The Lieutenant-Governor in Council may incorporate a town as a city under the Municipal Act if it has a population of at least 10,000. Cities already in existence on January 1, 1967 continue to be incorporated regardless of population. New Brunswick had eight cities that had a cumulative population of 275,965 in the 2016 Census. Moncton is New Brunswick's largest city by population with 71,889 residents and Saint John is the largest by land area 315.96 km2 (121.99 sq mi) respectively. Campbellton is New Brunswick's smallest city by population and land area with 6,883 residents and 18.58 km2 (7.17 sq mi).
The Lieutenant-Governor in Council may incorporate a village as a town under the Municipal Act if it has a population of 1,500 or more, and provides a level of services that the Minister of Environment and Local Government considers appropriate. Towns already in existence on January 1, 1967 continue to be incorporated regardless of population. New Brunswick had 26 towns that had a cumulative population of 128,746 in the 2016 Census. New Brunswick's largest town by population is Riverview with 19,667 residents and largest town by area is Sackville with a land area of 74.17 km2 (28.64 sq mi). New Brunswick's smallest town by population is Nackawic with 941 residents and the smallest by land area is Saint-Quentin at 4.24 km2 (1.64 sq mi).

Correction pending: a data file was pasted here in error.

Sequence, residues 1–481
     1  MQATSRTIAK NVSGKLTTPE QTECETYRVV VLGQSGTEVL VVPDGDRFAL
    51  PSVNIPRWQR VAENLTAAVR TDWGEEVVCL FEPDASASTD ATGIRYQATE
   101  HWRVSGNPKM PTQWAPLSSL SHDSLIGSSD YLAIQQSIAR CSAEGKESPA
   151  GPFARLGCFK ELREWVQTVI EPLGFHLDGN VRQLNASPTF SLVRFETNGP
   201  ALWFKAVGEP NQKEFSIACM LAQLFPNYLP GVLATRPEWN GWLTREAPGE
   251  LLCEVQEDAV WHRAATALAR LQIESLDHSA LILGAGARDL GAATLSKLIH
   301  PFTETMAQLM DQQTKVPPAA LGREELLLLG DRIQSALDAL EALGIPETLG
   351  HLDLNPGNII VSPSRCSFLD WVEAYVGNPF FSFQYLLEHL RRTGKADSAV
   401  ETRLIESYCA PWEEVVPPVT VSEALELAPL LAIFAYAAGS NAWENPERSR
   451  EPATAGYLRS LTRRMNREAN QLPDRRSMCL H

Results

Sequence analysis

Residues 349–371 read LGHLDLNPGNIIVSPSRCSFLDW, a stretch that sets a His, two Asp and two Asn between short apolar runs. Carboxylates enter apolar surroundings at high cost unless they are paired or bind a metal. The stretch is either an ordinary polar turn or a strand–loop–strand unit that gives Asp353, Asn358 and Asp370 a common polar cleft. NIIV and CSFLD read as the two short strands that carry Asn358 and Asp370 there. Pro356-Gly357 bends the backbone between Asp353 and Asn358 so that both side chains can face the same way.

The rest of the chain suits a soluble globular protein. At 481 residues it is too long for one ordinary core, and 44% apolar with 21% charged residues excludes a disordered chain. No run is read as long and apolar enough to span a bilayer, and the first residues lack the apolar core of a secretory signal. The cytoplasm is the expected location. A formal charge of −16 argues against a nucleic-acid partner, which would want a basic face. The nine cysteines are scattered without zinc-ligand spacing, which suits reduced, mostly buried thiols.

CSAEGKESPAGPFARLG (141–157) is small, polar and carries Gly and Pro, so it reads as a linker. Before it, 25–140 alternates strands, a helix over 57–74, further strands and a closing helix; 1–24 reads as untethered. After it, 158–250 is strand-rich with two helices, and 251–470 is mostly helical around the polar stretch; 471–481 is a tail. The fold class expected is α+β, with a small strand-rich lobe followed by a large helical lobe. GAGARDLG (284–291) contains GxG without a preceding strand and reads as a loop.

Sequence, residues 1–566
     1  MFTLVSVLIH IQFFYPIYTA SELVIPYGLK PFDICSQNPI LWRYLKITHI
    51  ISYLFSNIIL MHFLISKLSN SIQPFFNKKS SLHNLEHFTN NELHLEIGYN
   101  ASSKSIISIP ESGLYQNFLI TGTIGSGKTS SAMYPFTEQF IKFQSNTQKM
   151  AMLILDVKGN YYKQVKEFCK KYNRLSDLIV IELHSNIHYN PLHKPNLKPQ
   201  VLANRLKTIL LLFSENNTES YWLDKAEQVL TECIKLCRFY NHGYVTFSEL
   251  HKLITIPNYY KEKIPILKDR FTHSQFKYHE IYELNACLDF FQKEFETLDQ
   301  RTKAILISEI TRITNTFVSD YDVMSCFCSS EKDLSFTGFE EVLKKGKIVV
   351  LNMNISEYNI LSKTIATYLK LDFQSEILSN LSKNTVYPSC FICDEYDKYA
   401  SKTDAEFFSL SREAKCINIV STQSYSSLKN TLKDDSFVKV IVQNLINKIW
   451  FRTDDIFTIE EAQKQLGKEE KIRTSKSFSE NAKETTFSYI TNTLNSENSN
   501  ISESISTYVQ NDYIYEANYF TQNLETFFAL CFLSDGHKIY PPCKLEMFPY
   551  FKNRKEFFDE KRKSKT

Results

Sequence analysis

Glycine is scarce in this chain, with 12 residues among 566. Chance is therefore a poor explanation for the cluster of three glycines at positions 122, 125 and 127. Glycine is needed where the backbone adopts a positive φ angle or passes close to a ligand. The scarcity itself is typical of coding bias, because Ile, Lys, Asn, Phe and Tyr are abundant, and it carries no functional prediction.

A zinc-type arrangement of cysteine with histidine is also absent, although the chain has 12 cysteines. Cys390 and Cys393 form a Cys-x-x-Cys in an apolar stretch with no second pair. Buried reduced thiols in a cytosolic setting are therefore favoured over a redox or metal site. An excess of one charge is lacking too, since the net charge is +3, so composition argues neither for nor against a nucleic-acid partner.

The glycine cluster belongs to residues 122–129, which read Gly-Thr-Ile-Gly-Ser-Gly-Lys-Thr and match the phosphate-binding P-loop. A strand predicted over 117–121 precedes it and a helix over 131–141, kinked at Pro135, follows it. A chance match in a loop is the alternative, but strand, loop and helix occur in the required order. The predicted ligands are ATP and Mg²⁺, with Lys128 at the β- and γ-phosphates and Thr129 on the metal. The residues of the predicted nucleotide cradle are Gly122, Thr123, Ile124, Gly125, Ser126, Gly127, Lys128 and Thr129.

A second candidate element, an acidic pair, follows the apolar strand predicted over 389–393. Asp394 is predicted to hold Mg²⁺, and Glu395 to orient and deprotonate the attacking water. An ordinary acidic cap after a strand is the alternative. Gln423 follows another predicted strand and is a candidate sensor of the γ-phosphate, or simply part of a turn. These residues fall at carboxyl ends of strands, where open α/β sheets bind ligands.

In the 2016 Census, New Brunswick's 65 villages had a cumulative population of 72,880. New Brunswick's largest village by population is Memramcook with 4,778 residents and largest village by area is Belledune with a land area of 189.47 km2 (73.15 sq mi). New Brunswick's smallest village by population is Meductic with 173 residents and the smallest by land area is Bath at 2.00 km2 (0.77 sq mi).